moon circling

The past few days have had me back at the indigo vats working on new sets of moons. The only vat of the three that didn’t need reviving was the fermentation vat, which had a nice coppery surface and was dyeing beautiful blues.
Cleaning up around the studio I found a couple of base cloths that I had dyed moons into and had set aside for myself to play with on a rainy day. Well, the rain never did come but I craved a little needle time so I threaded up and got to work. It was quiet peaceful work-just going along with it. I never plan them out ahead of time- just let the cloth take the lead.
I finished off the little moon cover for the buckwheat pillow that had been looking kinda shabby. It’s an envelope style so the cover can easily be removed. The back are two pieces of old sturdy kimono cloth. I love these things and much prefer them to any kind of foam pillow insert. They just have a great comforting feel.
Next I had an old feed sack that had a wonderful repair on it- I dyed a tattered moon over the repair. These are treasured and useful scraps, the scraps of our lives. As we work to put our heart and souls back together after this past year and a half, I’m feeling pretty tattered myself these days and stitching these blues seems to wash away some of the sorrows.
Circling of Moons can be considered a series of sorts. I have a number of them started around here in various stages of completion. Various moons, various cloth, but mostly indigo. The ones that aren’t indigo are natural dyes. I’m grateful for some of the stitching techniques I learned from Jude- especially what she calls the “glue stitch”. I use that extensively to stitch the frayed raw edge pieces to the base cloth. I fray them enough first so they won’t unravel more and stitch them down with these tiny stitches. You can barely see them and probably can’t in a photo. Later I add the running stitches with thicker thread to ask your eye to travel with me around the moons. I want you to meander and wonder as you look at these pieces. To take a little trip.
Someone recently said to me, ” I have a sewing machine but just don’t know where to start”. I say, start anywhere! Start with a needle in your hand- sit in your favorite chair or the kitchen table. Gather some bits of cloth- cut up old clothes- go to the secondhand store and get some old cotton cloth. (skip the poly!) No machine needed. You can always unstitch something if you really can’t live with it but just let things develop. YOU will develop with practice.
I also did a couple of short videos that were requested from participants in the recent tekumo workshop. One had to do with machine hemming using a hemming foot, and the other with wiring the edge of a hemmed silk piece. You can see them on the FB studio page by scrolling down a few posts.

Late last night I took a 2 hour zoom tour of a sericulture farm located in the Kofu Basin in the Yamanashi Prefecture of Japan. It was quite interesting. Probably the largest sericulture operation I’ve seen so far in Japan. He said they raise 160,000 cocoons at a time there and grow them from seed. Most of the sericulture farms now get the silkworms in the 3rd-4th instar from the local collective and raise them on mulberry from that point to cocooning. Here’s a few links for my “silky friends” to enjoy…

Silky moth friends at Ashizawa Sericulture
And speaking of circles, Circle of Silk is a lovely story of silk sericulture hanging by a thread.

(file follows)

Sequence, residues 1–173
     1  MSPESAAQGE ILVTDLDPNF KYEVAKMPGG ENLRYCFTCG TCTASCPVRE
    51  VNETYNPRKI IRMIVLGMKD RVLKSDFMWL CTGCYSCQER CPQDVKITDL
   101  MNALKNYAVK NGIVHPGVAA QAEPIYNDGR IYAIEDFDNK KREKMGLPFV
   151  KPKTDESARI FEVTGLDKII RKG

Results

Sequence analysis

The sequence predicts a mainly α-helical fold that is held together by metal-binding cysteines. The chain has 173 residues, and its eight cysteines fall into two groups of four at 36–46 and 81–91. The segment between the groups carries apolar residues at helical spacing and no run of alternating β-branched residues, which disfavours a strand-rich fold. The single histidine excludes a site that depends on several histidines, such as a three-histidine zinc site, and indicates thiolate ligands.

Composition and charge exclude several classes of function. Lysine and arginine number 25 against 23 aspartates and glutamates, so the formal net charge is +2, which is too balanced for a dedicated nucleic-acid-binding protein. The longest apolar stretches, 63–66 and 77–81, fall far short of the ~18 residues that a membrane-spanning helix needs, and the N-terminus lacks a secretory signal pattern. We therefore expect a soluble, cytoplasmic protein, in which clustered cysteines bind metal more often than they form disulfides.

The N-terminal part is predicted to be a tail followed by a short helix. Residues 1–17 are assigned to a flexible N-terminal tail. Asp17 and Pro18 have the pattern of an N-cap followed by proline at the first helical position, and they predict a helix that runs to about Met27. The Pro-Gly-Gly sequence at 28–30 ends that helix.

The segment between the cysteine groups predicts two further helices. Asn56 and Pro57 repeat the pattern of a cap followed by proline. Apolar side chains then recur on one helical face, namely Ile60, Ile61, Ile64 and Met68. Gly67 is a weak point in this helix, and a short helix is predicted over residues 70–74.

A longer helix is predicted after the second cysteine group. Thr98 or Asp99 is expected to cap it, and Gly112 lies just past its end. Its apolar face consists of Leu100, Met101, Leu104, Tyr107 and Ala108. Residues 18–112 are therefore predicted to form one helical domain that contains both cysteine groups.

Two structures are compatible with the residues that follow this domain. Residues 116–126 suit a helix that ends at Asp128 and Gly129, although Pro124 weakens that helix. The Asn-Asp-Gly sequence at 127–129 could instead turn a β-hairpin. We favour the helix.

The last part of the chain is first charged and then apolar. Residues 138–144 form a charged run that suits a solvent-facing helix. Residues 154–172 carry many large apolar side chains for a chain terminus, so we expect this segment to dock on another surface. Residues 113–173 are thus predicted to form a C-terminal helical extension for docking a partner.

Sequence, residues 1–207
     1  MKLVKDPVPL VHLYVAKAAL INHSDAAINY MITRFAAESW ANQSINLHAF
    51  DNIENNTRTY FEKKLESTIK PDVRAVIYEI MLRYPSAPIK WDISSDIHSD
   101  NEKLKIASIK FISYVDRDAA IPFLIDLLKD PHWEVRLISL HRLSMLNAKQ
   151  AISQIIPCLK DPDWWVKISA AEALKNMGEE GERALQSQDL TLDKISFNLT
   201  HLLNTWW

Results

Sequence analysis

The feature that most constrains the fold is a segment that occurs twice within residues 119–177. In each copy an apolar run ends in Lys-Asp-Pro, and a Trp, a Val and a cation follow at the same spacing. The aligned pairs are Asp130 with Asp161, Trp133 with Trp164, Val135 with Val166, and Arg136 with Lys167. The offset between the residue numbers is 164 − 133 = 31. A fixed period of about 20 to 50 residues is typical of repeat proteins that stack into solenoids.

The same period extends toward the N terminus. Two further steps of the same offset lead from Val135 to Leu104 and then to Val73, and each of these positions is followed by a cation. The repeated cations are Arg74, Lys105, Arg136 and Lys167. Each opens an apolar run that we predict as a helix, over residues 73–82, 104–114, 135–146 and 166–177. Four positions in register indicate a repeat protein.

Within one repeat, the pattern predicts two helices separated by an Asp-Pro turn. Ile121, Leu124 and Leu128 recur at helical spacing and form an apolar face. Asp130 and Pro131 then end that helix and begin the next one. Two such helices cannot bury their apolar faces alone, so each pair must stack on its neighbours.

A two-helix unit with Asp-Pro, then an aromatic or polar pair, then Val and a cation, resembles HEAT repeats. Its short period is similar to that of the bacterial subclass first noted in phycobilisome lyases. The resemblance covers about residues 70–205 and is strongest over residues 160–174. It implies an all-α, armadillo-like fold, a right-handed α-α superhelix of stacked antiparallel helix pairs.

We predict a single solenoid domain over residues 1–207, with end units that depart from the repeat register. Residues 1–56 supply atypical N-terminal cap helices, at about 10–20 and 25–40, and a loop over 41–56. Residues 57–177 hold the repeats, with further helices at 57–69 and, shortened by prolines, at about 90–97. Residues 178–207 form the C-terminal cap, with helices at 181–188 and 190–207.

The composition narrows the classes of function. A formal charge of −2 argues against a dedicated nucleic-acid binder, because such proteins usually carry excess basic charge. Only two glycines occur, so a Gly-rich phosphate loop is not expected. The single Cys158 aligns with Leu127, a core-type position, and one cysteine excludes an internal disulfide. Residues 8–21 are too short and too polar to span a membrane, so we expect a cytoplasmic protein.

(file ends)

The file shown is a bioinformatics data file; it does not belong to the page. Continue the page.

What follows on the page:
And also, a video on silk thread reeling by my friend and sericulturist in Annaka, Nobue Higashi whom we visit with on the Silk Study Tour to Japan. Enjoy!

33 thoughts on “moon circling

    1. shiborigirl Post author

      mo- you might have seen this one before. i did it a while back but never put it into play. i enjou=yed the stories in my mind as i dyed and stitched this old tattered moon. by whom, where, why, was it repaired?


    2. indigo2day

      Glennis you have the most incredible way with words that truly speak from your heart .I am so over the moon I found you . Your artwork has such meaning in every stitch in touch and wonder says it all and means so much. Thank you so much for the great Tekumo Class 😉

      Liked by 1 person

        1. indigo2day

          Hello , where can I find containers with the tops ,similar to what you are using?Also is that some form of mesh fabric hanging off the side ?

          Liked by 1 person

        2. shiborigirl Post author

          If you are referring to the indigo vat, these are containers from my days in the porcelain studio but I’ve seen similar ones around from the food service industry. Check your local reuse markets online like Next Door, Facebook marketplace and LetGo.
          The netting I’m using is something I’m reusing from the garden. Used it to keep destructive moths off of veggies. I think I got it from the Japanese chain store Daiso if you have one around. They had them for a very reasonable price.

          Liked by 1 person

    1. shiborigirl Post author

      nancy- the two i have were left here by Richard when trying to make room in his suitcase for the return trip to Japan (lucky me! he always travels with a buckwheat pillow!). they were getting a bit tattered so i fancied them up a bit. but i did just order 10# of buckwheat hulls to fill my own home sewn pillow cases with. I’ll put a zipper in them and make outer envelope covers like this one for them. this way, i can make them any size/shape i want. 2.5-3# pillows work for me. don’t overstuff them or they are too hard and won’t conform to your head/body.


  1. Liz A

    I came here from Windthread, where Jude’s example was also invoked … such gifts she has given us all, including you! … your indigo moons make my heart happy whenever I see them, both here and on other blogs … best of all, those that have traveled to my home in Texas … thank you

    Liked by 1 person


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